Telemedicine provides a reliable and feasible option for the delivery of FM consultations to women in a small obstetric unit without the need to travel to a FM centre. The service is valued by women and staff and reduces family costs. There is clear scope to develop the use of the telemedicine link within the provision of specialist maternity, neonatal and paediatric care, which would have significant benefits for families, particularly during a pandemic situation. Financial and time saving for patients will vary depending on the distance from the Obstetric Unit to the FM centre. These factors may impact on the capacity to implement telemedicine services across a wider geography.

Future work is focussed on extending the provision to neighbouring obstetric units and to other clinical specialities, particularly in areas where there are challenges to sustaining clinical expertise.

Availability of data and materials

The dataset used in the present study is available from the corresponding author upon reasonable request.

Abbreviations

AHSN:

Academic Health Science Network

FM:

Fetal Medicine

MCA:

Middle cerebral artery

OSATS:

Objective Structured Assessment of Technical Skill

UAD:

Uterine Artery Doppler

VC:

Video Conferencing

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Acknowledgements

The research team would like to thank all of the women who took part in the project and generously shared their views. We would like to thank the team of midwives, sonographers and obstetricians who supported the project in both units. We would especially like to thank Angela Henderson, Fiona Kirkby and Steph Holgate, sonographers at the obstetric unit who were enthusiastic from the outset and professional throughout.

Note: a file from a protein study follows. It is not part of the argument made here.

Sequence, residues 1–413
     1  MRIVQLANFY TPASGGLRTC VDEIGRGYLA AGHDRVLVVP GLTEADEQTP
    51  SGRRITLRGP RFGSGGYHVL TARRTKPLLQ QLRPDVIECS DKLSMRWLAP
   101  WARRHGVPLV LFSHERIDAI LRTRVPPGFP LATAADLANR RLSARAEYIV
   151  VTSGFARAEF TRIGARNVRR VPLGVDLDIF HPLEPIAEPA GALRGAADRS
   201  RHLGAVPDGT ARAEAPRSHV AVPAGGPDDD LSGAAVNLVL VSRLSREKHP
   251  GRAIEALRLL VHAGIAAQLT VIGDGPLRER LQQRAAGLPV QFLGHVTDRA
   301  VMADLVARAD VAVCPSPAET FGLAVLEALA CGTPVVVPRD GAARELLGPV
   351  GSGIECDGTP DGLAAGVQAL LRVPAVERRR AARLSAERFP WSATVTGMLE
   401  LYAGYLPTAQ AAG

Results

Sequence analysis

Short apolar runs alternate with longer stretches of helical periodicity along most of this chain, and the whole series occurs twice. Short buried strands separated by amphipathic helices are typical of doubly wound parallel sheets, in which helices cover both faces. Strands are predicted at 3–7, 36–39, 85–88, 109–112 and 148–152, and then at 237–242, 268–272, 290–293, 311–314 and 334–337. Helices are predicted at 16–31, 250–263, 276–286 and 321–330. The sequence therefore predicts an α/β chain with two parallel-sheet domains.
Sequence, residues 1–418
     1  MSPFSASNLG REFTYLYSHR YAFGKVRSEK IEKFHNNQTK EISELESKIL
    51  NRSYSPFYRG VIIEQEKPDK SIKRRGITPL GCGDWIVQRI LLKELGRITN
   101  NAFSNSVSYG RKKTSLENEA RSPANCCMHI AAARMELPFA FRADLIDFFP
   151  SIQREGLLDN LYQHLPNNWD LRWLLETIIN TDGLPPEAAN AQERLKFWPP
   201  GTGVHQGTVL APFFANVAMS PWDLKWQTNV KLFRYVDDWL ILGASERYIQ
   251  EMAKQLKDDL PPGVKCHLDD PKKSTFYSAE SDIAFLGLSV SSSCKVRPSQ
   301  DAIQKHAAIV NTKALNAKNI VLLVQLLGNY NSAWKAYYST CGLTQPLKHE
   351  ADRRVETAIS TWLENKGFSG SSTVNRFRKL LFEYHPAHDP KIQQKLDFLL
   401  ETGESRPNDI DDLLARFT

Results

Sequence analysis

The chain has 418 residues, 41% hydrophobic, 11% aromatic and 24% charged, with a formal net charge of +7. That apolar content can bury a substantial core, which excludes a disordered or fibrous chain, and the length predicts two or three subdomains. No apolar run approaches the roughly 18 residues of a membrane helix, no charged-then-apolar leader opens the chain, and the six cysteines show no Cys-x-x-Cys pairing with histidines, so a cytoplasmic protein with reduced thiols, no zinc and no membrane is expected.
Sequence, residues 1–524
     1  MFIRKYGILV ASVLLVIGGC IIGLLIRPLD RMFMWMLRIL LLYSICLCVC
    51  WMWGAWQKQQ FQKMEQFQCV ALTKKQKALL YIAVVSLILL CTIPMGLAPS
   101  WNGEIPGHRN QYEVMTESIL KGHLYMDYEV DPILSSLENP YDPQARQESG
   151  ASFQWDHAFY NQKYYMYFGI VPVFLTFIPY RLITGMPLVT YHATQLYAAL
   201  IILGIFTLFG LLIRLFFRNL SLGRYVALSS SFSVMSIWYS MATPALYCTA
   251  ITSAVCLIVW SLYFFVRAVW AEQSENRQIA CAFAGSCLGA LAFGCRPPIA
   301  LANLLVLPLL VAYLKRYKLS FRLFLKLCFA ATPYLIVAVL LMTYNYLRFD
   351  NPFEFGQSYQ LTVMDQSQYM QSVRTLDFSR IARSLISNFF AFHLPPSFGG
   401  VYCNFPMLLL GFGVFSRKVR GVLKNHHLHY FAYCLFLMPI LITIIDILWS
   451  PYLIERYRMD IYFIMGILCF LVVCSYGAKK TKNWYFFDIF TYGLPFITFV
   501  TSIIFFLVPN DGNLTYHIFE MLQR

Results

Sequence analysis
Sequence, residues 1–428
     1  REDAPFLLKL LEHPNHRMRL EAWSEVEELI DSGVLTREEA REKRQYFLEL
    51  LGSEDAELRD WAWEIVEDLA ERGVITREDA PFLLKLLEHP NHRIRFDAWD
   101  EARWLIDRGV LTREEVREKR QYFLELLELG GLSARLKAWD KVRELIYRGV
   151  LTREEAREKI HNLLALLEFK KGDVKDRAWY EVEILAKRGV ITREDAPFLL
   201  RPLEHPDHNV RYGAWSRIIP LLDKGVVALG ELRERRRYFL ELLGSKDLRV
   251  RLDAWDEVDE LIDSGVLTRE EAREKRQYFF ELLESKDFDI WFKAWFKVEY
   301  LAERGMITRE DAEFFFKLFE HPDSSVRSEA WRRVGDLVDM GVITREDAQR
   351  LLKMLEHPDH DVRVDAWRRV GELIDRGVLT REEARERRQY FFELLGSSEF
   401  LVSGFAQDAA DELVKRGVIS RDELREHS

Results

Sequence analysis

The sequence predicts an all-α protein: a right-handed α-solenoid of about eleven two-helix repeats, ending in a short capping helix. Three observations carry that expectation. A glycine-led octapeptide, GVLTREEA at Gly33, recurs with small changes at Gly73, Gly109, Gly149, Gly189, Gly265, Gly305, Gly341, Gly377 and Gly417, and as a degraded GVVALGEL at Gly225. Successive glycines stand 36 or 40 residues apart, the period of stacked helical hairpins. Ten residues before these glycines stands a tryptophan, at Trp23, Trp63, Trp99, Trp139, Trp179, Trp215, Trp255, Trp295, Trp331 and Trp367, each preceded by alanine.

Funding

Phase 1 of the project was funded by the Academic Health Science Network (AHSN), North East and North Cumbria. The funding body was not involved in the design of the study, data collection, analysis and writing of the manuscript.

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Authors

Contributions

All authors were involved in design of the study. SCR, AM, and VS were the Project Leads. ML and VS conducted the data collection and performed the data analyses. VS wrote the first draft of the manuscript; SCR, ML, EB, EvO and BB reviewed, edited and contributed to subsequent drafts. All authors have approved the final manuscript.

Corresponding author

Correspondence to V. J. Smith.

Ethics declarations

Ethics approval and consent to participate

Ethical approval was granted by the NHS National Research Ethics Service, NRES Committee London-Hampstead (REC reference: 14/LO/1671).

Verbal consent to participate in the study was approved by the NRES committee on the basis that completion and return of the questionnaire constituted assumed consent.

Consent for publication

Not applicable.

Competing interests

The authors declare that they have no competing interests.

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Supplementary Information

Additional file 1:.

Participant questionnaire.

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Smith, V.J., Marshall, A., Lie, M. et al. Implementation of a fetal ultrasound telemedicine service: women’s views and family costs. BMC Pregnancy Childbirth 21, 38 (2021). https://doi.org/10.1186/s12884-020-03532-4

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Keywords

  • Ultrasound
  • Pregnancy
  • Fetal medicine
  • Telemedicine